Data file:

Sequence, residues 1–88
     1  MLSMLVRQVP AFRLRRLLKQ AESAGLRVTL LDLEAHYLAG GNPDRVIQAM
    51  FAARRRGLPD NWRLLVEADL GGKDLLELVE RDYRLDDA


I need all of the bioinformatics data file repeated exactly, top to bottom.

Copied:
Sequence, residues 1–88
     1  MLSMLVRQVP AFRLRRLLKQ AESAGLRVTL LDLEAHYLAG GNPDRVIQAM
    51  FAARRRGLPD NWRLLVEADL GGKDLLELVE RDYRLDDA